All rubberlike materials are polymers, which are high molecular weight compounds consisting of long chains of one or more types of molecules, such as monomers. Vulcanization (or curing) produces chemical links between the loosely coiled polymeric chains; elasticity occurs because the chains can be stretched and the crosslinks cause them to spring back when the stress is released. Natural rubber is a polyterpene, i.e., it consists of isoprene molecules linked into loosely twisted chains. The monomer units along the backbone of the carbon chains are in a cis arrangement (see isomer) and it is this spatial configuration that gives rubber its highly elastic character. In gutta-percha, which is another natural polyterpene, the isoprene molecules are bonded in a trans configuration leading to a crystalline solid at room temperature. Unvulcanized rubber is soluble in a number of hydrocarbons, including benzene, toluene, gasoline, and lubricating oils.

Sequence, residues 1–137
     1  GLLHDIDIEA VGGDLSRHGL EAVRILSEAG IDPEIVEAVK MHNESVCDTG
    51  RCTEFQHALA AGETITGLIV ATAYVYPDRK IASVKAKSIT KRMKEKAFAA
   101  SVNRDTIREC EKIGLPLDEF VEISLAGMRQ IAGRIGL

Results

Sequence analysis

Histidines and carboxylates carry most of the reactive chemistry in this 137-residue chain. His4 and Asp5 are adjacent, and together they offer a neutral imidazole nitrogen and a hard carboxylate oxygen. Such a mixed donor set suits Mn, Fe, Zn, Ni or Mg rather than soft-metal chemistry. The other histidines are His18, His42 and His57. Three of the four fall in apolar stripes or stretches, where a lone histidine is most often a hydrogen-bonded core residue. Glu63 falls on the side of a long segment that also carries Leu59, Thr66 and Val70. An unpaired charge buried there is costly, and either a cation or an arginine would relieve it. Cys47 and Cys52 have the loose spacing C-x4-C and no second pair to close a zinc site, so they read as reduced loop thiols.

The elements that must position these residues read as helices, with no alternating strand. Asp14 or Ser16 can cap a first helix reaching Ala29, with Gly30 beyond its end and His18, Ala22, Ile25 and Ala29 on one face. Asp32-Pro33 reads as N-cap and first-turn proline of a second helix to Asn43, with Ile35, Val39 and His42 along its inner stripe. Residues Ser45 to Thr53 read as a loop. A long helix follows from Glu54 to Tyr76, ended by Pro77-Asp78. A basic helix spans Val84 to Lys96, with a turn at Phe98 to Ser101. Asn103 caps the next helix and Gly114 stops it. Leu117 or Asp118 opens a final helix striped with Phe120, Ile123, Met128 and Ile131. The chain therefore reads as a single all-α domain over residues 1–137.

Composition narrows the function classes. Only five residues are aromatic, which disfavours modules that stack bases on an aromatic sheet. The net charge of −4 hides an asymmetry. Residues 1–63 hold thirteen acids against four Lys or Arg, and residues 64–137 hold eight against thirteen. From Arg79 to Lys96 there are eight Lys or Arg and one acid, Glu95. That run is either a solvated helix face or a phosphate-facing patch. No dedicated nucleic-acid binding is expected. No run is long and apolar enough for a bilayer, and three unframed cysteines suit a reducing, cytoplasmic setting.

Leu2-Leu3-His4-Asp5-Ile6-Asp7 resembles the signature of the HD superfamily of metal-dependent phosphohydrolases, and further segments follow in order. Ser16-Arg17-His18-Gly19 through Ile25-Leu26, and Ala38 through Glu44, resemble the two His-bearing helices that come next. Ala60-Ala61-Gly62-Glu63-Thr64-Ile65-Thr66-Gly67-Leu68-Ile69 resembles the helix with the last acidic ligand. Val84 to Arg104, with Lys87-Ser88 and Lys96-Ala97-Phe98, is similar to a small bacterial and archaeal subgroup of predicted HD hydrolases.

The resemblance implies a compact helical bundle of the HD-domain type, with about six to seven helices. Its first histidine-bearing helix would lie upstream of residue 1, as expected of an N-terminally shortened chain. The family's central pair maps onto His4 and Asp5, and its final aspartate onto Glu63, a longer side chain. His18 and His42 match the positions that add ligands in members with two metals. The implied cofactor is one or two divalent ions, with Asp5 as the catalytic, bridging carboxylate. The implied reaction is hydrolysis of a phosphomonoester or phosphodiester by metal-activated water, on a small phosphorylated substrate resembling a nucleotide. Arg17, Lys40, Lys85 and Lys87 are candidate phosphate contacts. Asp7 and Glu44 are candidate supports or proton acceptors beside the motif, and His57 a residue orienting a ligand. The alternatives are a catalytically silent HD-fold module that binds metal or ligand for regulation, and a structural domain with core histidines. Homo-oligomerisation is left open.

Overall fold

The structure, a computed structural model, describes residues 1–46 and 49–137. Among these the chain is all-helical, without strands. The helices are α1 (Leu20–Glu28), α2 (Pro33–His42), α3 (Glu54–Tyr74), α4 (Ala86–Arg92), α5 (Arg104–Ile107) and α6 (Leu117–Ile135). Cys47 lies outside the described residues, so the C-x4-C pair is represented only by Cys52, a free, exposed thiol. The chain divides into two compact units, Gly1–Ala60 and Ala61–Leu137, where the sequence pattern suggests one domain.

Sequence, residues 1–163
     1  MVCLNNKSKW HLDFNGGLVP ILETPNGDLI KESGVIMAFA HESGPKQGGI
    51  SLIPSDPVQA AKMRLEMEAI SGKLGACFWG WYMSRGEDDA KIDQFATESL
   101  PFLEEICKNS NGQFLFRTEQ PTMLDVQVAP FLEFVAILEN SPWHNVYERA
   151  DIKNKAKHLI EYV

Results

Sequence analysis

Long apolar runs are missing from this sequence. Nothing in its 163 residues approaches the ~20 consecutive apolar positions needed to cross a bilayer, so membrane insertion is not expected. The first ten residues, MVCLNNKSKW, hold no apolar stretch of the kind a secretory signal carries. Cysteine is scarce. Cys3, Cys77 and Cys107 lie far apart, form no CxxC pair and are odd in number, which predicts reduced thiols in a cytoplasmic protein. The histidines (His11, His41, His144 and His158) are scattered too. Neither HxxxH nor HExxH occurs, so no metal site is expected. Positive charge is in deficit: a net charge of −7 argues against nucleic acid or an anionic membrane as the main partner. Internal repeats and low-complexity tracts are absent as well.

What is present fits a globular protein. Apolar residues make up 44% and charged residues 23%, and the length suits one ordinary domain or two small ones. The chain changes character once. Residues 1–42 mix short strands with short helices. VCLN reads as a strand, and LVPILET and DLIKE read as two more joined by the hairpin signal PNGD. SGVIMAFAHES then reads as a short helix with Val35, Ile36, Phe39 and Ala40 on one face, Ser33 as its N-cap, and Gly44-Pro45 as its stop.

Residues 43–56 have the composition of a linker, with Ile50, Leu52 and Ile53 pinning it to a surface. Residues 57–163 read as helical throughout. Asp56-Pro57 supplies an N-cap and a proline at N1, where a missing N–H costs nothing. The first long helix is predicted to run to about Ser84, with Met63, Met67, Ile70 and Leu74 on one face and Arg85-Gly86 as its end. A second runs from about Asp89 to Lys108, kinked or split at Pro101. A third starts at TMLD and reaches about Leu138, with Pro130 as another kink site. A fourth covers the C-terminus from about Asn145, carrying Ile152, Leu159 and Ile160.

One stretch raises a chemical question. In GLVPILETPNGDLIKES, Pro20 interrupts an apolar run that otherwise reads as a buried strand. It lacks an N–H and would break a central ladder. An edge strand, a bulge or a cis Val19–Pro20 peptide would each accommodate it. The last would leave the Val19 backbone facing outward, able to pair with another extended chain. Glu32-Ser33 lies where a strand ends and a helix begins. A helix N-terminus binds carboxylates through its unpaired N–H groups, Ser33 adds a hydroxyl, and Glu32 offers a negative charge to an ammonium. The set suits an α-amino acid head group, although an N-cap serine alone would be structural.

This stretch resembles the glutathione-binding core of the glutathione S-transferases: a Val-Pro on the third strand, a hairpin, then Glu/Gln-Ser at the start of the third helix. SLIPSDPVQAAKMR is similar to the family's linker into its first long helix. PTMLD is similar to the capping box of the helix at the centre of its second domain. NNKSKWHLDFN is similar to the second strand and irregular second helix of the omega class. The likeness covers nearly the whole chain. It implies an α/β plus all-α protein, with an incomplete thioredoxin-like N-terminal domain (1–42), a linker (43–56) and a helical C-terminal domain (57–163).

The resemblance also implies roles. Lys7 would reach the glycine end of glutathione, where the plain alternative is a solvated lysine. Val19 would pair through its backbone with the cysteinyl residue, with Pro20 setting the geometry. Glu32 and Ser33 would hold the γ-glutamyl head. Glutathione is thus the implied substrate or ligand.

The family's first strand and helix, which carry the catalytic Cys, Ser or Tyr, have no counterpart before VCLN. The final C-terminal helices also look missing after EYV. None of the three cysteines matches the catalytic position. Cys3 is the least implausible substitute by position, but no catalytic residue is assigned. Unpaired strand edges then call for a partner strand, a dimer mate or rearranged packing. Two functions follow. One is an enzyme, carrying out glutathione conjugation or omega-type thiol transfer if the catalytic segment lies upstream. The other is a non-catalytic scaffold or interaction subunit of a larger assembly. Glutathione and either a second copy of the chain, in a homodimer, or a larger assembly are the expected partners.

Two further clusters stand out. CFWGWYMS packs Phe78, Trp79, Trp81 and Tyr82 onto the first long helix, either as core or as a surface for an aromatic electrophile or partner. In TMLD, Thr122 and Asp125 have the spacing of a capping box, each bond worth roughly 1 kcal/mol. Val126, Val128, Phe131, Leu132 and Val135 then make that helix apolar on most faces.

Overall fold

Rubber is water repellent and resistant to alkalies and weak acids. Rubber's elasticity, toughness, impermeability, adhesiveness, and electrical resistance make it useful as an adhesive, a coating composition, a fiber, a molding compound, and an electrical insulator. In general, synthetic rubber has the following advantages over natural rubber: better aging and weathering, more resistance to oil, solvents, oxygen, ozone, and certain chemicals, and resilience over a wider temperature range. The advantages of natural rubber are less buildup of heat from flexing and greater resistance to tearing when hot.
The Columbia Electronic Encyclopedia, 6th ed. Copyright © 2012, Columbia University Press. All rights reserved.